Male patients with inflammatory bowel disease (IBD) appear to use erectile dysfunction medications more frequently than those without the disease, with the association persisting regardless of a history of IBD surgery, according to a study.
Tadalafil appears to effectively improve sexual function with acceptable side effects in diabetic patients with erectile dysfunction, according to a study. However, older patients fare better with the daily low-dose than the on-demand high-dose protocol.
Penile low-intensity shockwave treatment (LIST) is effective in men with erectile dysfunction (ED), but its efficacy gradually decreases with time, a recent study has shown. Moreover, those with diabetes are more likely to experience earlier failure of treatment.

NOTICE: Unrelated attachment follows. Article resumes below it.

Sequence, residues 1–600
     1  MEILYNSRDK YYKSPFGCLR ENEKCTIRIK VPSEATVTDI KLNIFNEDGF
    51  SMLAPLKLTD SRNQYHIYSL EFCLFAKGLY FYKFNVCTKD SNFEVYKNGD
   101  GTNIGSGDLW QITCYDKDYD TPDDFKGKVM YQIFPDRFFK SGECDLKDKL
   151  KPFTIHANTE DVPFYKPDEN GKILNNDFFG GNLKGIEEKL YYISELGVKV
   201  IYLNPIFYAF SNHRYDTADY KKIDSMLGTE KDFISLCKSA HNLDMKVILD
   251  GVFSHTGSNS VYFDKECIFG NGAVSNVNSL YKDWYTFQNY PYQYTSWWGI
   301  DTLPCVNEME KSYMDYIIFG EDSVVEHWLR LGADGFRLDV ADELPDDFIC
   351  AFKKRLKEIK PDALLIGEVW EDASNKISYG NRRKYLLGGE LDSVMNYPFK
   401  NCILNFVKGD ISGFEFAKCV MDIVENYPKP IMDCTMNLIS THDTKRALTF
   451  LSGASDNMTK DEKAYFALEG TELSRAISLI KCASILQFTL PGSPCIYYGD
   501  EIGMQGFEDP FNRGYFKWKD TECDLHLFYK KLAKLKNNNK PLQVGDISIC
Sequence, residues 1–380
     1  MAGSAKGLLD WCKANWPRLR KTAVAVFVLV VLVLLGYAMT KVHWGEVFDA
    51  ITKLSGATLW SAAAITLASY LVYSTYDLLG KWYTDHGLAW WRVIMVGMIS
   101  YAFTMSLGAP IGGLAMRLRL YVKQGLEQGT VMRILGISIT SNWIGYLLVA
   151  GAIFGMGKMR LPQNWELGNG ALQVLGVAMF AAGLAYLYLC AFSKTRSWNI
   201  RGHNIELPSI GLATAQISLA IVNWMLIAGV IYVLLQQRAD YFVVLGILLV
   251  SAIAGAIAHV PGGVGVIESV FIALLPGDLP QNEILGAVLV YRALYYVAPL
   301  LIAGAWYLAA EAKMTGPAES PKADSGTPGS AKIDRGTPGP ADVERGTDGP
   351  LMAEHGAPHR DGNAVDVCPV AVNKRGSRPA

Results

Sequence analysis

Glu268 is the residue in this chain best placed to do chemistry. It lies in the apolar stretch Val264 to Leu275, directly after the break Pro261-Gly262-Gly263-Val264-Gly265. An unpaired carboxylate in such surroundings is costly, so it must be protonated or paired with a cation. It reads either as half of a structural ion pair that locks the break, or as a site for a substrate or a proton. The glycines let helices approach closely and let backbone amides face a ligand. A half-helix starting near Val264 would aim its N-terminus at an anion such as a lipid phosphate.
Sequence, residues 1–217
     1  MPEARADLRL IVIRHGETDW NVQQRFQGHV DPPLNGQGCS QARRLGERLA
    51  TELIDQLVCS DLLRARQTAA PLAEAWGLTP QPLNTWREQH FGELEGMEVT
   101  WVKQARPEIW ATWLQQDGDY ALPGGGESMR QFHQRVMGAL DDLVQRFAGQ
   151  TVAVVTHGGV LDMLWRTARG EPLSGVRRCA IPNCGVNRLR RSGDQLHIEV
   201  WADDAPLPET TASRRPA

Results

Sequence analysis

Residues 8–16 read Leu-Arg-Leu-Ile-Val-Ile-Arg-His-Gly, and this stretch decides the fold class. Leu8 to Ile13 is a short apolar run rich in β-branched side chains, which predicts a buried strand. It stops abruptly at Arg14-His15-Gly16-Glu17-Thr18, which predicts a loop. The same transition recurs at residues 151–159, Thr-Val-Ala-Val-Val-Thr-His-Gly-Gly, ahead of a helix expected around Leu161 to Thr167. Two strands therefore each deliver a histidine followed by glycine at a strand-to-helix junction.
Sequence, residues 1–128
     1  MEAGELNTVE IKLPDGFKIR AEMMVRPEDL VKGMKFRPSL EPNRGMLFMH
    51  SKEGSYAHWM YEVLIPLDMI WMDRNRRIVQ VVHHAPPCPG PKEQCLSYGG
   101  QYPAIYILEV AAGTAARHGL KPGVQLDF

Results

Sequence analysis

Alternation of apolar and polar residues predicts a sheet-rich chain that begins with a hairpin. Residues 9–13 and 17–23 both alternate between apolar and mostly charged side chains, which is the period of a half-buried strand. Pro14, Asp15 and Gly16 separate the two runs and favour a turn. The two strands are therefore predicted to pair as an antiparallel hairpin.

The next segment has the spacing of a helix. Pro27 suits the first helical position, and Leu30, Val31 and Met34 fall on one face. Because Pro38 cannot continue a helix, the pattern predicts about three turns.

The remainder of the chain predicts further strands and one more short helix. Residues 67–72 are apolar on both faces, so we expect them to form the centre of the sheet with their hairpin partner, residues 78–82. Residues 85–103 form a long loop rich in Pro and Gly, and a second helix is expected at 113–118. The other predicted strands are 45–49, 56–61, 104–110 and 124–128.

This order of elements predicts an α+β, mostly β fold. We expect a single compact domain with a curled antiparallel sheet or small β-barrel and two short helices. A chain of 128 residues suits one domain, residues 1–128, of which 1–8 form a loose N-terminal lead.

A 70-year-old male with a history of diabetes, hyperlipidaemia and hypertension managed with atenolol presented to his family physician with lower urinary tract symptoms (LUTS). He was prescribed terazosin. Over the course of a year he noticed worsening erectile dysfunction (ED) with difficulty maintaining a hard erection until orgasm.
Use of standard-dose aspirin or other nonsteroidal anti-inflammatory drugs (NSAIDs) appears to confer protection against the risk of endometrial cancer in overweight and obese women, according to a meta-analysis.
Less than 15 percent of Singaporean adolescents get the recommended 8–10 hours of sleep on a school night, reports a recent study, noting that such short sleep duration is linked to symptoms of depression, overweight or obesity, and poorer self-rated health.
Obstructive sleep apnoea may increase the risk of male-pattern baldness in men with a family history of hair loss, and this association appears to be mediated by low serum transferrin saturation levels related to hypoxia, a study suggests.